I’m just going to show you some use cases. Right now, I am going to use this code. This code is on the official AWS documentation on how to create JavaScript with Lambdas. It’s actually a pretty basic Lambda, where we are just doing a GET request to a URL. This is an API that returns random images of dogs. We’re passing the URL and we’re receiving a response. After that, we are getting that response into a variable. We are doing a call back to the function so that we can return the response that is coming from the HTTP requests that we just did. Also, we are managing another part that handles the error and returns to the proper error message to the HTTP request in casesomething goes wrong. Now, we should be able to test this like we did previously. I’m just going to run again serverless invoke local-F Hello. And here, we can see that we get the HTTP response with a status of success. We can actually open the image and we should see a dog.
09:18 - Sending Parameters to Lambda
But what if we would like to send parameters to our Lambda, right? How we should be able to send information to our Lambdas. If you’re familiar with AWS Lambda, we should use the event prop. We should use event.URL. And that should be enough. But now how are we supposed to send it in our testing command? What we can do is specify the path where we have our event file. Usually, that event file is specified in a JSON format. I’m just going to create a JSON file here, just a simple JSON with a URL property. I am using another API that basically genderized the names. It says, what is the probability that a person is a woman or a man by knowing only the name. We have to specify the event file, and we go with event.JSON. And while that should be enough, here, you can see that the response of the request changed. We are sending the name Andrea. And the gender should be male with a probability of 62% or some other information that the API responds.
11:03 - Serverless Application with Python
I will also like to create a simple example with Python for you to see that this is a very flexible tool. So I’m just going to create this also, we are going to use a template. If you go over to templates, you can see that we have the AWS Python and AWS Python 3. I’m going to use the AWS Python 3. I’m going to create this serverless. If you already have a function that is already created, and you would like to do some changes and test those changes before you upload anything, I would recommend a simple serverless framework project, just as we are doing and replace the handler file with the code of your Lambda. Actually, you’ll have to do some configurations here on the serverless.yml and specify the handler that you’re going to use. That way you can test every change you want to do on your Lambdas before uploading anything to an environment. If right now when we test this here, we can see that the serverless configuration changed a little bit. Right now, the service is not JavaScript, it’s Python. The provider also changed a little bit with the runtime of Python 3.8. And the handler, it’s still the same. We can use the function Hello. Basically what this does is just returns an a status code with 200 and a basic message that this is executing successfully. I also have a little example, already working here on my test. What we are using here, it’s the same example we are just returning on a status code 200 specifying the header of a content type application JSON, and a body returns a region. But what’s different this time is that we are using an environment variable. We are getting the value we are storing it and then we are returning that value. We will this is just one many times to provide ARNs maybe some secrets or AWS regions to our Lambda functions. The proper way to test this is with a simple command serverless invoke local-F Hello. But this time, we’re going to use the -E. The E flag to specify an environment variable. The environment variable is called AWS region. Its value is going to be US East 1, the Virginia region. If we just test this, we should see a status code 200. And in the body, we should see the region that we are using, which is this one right here. I would say that sometimes we only use a couple of environment variables. It could be easy to specify this on the command. But sometimes we use too many environment variables, it could not be the best practice to specify all of the environment variables here. So what we can do is specify it here on the serverless configuration. With the environment property, we can specify different environment variables that we can use inside of the Lambda function without pecifying this E flag. Something that I didn’t explain at the beginning is that when we create a serverless configuration, what the serverless framework does is that when we deploy that configuration, it creates CloudFormation stack and executes it. That means that we can use CloudFormation functions here in the serverless configuration. So we can do a reference to an ARN or we could use function CloudFormation going back to the example. Right now if we test this but we remove the E flag with environment variable, we should see the same response because we are specifying this environment on the serverless configuration. And there it is.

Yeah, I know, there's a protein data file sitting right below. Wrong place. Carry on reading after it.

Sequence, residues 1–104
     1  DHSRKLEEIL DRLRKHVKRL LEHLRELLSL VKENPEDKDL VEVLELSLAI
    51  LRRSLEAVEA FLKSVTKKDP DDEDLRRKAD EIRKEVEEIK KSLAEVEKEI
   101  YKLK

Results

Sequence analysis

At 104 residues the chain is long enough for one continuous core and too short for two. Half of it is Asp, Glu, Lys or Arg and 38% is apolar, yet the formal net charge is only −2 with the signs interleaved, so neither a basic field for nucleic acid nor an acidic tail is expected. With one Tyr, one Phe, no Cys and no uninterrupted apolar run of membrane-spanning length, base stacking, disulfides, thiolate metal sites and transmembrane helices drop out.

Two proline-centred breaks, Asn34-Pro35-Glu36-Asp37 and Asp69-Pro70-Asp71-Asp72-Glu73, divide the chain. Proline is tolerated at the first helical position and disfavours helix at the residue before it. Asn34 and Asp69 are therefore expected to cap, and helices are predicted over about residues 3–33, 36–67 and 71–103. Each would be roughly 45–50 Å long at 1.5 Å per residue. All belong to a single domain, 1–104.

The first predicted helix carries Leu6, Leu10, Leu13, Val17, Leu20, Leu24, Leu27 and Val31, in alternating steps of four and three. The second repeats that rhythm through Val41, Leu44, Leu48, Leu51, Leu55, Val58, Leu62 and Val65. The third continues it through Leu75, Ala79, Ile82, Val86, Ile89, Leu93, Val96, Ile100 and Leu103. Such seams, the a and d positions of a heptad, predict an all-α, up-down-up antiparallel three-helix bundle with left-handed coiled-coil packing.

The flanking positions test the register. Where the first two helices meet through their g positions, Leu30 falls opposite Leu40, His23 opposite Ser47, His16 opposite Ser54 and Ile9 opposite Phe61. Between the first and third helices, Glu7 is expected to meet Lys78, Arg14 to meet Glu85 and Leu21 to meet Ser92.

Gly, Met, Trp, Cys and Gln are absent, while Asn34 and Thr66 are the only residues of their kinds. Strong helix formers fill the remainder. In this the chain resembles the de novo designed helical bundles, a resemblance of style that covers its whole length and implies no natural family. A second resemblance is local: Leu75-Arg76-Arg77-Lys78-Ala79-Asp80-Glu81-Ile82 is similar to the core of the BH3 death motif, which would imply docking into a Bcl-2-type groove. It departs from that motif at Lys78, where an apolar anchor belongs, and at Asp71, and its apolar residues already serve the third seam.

Jasmeet Singh

Miguel Alvarado

DevOps Engineer


Miguel is a DevOps Engineer at nClouds and an AWS Certified Cloud Practitioner.